The United States Bureau of Immigration and Customs Enforcement (ICE) operates the largest confinement system in the country, no small accomplishment in the world’s largest prison system. This article analyzes the US immigration detention system as a series of spatial strategies through which state officials seek to manage and redirect transboundary migration. I argue that while detention works to confine, segregate, and categorize migrant bodies, detention is also a performance of state power. As such, it produces effects beyond deportation. The article will first outline how immigration detention both relies upon and extends the US criminal justice system to open up spaces of arbitrary administrative discretion. I then draw on my research on noncitizen detention and visitation programs to demonstrate how detention is more than a fixing of bodies in space ; it is a process of isolation, criminalization, and marginalization. I argue that detention cannot be subsumed under or explained by deportation, and that it plays a key role in the production of migrant precarity in current US immigration and border control.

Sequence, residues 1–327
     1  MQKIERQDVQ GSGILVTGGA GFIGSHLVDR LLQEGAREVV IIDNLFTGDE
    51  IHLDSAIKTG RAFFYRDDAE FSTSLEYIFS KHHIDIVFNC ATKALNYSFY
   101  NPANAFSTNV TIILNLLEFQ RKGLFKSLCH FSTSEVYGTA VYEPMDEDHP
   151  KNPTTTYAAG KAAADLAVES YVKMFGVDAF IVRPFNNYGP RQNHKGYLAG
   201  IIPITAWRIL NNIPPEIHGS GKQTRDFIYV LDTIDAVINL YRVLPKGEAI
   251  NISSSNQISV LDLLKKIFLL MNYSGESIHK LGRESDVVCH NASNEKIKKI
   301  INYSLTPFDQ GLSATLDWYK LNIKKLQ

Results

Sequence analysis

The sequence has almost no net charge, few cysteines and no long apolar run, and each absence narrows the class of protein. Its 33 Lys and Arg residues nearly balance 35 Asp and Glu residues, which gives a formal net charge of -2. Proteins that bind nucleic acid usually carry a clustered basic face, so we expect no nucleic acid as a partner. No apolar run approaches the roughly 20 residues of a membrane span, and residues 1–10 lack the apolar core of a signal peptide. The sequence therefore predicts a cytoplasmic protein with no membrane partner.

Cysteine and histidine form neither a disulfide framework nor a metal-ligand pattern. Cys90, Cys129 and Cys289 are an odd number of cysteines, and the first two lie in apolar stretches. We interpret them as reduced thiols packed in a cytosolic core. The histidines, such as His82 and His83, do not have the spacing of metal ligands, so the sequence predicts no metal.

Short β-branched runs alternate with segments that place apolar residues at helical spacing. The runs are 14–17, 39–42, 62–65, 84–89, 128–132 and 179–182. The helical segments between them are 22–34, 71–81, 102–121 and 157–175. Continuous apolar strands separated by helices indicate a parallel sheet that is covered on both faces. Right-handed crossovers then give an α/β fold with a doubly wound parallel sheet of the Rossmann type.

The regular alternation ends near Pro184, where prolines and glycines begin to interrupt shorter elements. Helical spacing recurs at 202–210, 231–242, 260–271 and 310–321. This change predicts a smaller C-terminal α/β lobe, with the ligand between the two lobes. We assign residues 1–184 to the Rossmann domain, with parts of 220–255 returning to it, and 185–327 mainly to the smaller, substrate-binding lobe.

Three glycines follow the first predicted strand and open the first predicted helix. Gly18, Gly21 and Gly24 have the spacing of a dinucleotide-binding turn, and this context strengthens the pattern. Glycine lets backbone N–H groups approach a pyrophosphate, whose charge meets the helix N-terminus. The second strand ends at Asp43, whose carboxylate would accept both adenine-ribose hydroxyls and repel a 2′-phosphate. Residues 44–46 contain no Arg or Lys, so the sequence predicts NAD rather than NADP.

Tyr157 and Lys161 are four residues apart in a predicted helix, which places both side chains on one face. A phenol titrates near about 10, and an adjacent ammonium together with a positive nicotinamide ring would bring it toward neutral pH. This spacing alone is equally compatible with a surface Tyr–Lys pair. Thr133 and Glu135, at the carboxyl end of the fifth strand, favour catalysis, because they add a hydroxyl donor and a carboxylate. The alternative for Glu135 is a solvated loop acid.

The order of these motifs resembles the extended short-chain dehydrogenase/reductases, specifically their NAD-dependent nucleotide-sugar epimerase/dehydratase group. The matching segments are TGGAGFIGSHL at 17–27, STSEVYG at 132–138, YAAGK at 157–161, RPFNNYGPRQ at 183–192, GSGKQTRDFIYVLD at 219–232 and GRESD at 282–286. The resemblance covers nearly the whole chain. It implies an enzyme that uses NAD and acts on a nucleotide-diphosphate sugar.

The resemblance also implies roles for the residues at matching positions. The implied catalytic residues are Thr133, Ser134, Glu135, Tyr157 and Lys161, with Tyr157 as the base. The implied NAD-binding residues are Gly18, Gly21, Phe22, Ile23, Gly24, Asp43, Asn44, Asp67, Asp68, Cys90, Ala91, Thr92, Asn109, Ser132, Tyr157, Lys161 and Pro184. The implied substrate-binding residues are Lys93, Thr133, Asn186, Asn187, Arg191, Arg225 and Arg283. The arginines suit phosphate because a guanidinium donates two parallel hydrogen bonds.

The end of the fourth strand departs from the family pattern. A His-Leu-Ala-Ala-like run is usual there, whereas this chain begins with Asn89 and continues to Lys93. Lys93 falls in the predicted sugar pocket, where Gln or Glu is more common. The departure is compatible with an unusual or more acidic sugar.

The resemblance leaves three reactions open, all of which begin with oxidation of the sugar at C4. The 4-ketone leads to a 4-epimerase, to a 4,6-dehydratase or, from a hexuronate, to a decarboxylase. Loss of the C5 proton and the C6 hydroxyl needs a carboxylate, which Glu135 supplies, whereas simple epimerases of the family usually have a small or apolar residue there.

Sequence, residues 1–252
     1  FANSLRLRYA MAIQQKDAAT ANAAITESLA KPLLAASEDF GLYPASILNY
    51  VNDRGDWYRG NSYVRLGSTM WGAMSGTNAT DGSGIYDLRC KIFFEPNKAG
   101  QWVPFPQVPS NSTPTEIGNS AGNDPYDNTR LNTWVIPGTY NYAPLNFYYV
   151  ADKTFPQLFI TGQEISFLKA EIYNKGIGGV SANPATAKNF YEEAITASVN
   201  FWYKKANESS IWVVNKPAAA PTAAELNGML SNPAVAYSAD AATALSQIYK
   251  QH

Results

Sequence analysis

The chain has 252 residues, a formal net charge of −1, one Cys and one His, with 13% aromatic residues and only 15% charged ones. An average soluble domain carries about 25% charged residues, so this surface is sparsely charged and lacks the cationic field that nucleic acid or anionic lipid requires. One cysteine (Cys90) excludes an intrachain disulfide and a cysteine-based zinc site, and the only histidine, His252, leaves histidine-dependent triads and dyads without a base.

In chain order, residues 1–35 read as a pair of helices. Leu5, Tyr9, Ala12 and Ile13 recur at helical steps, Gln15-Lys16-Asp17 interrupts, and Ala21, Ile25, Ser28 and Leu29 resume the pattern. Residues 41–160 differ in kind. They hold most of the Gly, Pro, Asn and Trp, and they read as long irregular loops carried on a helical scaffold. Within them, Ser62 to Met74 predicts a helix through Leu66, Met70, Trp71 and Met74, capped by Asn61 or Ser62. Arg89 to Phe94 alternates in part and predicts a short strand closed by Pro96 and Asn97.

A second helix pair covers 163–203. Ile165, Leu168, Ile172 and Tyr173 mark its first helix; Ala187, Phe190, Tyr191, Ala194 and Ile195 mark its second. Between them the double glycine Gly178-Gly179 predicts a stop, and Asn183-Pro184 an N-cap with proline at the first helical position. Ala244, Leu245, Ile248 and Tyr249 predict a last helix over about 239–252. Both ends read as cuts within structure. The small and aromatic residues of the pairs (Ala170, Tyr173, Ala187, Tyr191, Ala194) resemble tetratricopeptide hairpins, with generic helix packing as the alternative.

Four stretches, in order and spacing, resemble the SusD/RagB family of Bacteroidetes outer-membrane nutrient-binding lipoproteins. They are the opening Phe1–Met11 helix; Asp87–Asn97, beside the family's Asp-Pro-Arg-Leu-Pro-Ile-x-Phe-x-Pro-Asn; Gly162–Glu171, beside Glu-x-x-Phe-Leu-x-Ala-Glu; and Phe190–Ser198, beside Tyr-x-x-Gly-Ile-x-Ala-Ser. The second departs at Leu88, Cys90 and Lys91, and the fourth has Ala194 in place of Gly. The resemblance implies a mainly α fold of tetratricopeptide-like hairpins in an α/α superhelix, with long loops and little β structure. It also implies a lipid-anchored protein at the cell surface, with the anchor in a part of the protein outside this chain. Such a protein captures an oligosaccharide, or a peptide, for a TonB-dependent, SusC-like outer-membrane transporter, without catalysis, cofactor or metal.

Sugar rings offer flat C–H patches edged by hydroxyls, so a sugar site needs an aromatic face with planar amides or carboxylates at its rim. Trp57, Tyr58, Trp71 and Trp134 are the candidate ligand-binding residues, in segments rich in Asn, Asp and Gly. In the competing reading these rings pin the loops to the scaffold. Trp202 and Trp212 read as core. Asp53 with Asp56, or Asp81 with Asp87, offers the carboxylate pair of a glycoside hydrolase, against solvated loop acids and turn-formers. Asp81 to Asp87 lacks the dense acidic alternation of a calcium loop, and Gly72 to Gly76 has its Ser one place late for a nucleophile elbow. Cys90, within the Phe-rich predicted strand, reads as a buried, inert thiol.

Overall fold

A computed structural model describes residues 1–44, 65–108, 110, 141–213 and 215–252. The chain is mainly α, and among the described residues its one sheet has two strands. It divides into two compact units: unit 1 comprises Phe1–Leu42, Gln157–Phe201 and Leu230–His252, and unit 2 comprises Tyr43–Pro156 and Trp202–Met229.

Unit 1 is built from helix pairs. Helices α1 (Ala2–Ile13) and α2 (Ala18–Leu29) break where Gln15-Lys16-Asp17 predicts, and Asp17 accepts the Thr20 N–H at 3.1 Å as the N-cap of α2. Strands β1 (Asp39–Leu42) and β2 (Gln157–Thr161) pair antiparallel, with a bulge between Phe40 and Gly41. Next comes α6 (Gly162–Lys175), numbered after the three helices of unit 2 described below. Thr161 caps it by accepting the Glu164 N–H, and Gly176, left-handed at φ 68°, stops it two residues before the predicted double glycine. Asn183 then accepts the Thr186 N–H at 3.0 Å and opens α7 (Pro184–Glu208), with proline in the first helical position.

Martin, L. (2015). Noncitizen Detention : Spatial Strategies of Migrant Precarity in US Immigration and Border Control. Annales de géographie, 702-703(2/3), 231-247. https://doi.org/10.3917/ag.702.0231